Products labelled ‘Made in Britain’ command a considerably higher premium when sold abroad than those with no declared country of origin, research finds.
When consumers in eight key export markets see the Union flag on a product, their inclination to buy increases, according to a study by Barclays Corporate Banking.
This is especially true in new and emerging markets where two thirds of consumers (64 per cent) would be more inclined to purchase a product carrying the Union flag.
The report’s findings seek to understand the value of ‘Brand Britain’ for export purposes in comparison to the brand values of Made in England/Wales/Scotland.
The research combines ONS export data with a survey of 7,610 individuals in eight key export markets (France, Ireland, Germany, the USA, Brazil, South Africa, China and Qatar) designed to examine the premium they are willing to pay for different goods labelled as from Britain.
Some 31 per cent of customers in new and emerging markets have knowingly paid a premium for products from Great Britain. The same figure for developed economies is just 14 per cent.
The label ‘Made in Britain’ triggers a willingness to pay up to 7 per cent more among customers in new and emerging markets than for products without a declared country of origin.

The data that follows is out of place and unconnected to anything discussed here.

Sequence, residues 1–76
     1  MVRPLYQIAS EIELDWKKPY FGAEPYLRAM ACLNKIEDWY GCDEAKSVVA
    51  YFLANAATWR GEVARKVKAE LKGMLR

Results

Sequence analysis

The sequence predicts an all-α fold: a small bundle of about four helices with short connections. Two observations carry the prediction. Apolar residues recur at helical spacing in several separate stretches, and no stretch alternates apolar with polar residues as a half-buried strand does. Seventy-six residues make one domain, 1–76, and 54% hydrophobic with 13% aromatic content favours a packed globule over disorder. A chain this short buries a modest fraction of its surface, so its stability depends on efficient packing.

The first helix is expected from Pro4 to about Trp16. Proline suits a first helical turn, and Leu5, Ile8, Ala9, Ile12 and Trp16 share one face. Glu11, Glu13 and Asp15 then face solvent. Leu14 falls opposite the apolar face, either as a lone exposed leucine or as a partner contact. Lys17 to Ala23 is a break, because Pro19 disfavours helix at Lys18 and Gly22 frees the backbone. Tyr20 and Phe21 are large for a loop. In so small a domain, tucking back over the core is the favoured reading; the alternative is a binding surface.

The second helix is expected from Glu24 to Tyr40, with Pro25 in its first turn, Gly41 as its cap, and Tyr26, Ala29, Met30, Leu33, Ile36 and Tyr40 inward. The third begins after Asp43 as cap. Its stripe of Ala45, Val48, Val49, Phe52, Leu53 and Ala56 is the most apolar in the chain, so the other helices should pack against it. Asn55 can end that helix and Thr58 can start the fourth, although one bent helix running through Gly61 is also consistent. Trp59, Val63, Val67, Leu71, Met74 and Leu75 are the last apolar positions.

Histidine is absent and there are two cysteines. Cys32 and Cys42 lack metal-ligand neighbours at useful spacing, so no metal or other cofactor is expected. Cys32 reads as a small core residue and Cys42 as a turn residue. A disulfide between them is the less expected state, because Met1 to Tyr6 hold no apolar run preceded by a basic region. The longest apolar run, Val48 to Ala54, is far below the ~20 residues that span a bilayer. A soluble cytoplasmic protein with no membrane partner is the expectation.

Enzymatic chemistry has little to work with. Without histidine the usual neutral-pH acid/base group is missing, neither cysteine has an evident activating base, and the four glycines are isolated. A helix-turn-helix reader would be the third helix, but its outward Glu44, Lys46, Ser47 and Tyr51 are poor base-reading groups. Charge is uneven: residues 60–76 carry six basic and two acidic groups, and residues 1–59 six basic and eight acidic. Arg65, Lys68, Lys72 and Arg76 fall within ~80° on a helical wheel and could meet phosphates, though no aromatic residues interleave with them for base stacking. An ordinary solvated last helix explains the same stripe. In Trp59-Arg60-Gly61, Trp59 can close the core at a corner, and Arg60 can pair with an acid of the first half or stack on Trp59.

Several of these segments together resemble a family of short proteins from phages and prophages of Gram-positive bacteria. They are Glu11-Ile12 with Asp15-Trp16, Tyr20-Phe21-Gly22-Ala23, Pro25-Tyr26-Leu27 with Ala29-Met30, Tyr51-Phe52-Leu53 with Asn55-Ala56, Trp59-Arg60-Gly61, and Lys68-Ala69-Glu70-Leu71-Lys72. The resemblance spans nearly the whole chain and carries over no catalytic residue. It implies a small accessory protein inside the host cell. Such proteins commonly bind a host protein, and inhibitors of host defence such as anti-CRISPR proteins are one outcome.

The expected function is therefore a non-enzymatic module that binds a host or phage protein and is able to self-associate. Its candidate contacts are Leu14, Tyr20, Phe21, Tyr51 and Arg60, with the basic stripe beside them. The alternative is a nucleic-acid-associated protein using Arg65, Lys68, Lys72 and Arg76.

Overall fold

At least 50 per cent of respondents in all countries perceive the quality of British goods to be ‘good’ or ‘very good’. Scottish, English and Welsh products are also perceived positively, but often not to the same extent.
Rebecca McNeil, head of business lending at Barclays Corporate Banking says that while British businesses are currently reliant on the EU and the USA for the majority of their exports, they are well placed to expand into new and emerging markets.
She adds, ‘The report shows that the biggest premiums for British branded goods will be paid in these markets, not the developed markets. These new and emerging markets are also growing at a faster rate than the established trading partners, meaning growth opportunities and premium pricing are aligned.
‘We understand that these new markets can be more challenging to enter but for those that persevere, there are opportunities for a greater return. Rather than focusing on seemingly saturated developed markets, exporters should seriously consider looking further afield as there are bigger premiums to be had when products are marketed as Made in Britain.’
In terms of perception, goods from Scotland and Wales were most frequently perceived as ‘standing for tradition’ whereas English and British products were most frequently described as ‘internationally recognised’.
Scottish and Welsh goods exports are less dependent on EU countries than English exports. In Q2 2014 goods exports to the EU accounted for 50 per cent of English goods export but just 45 per cent of Scottish and Welsh exports.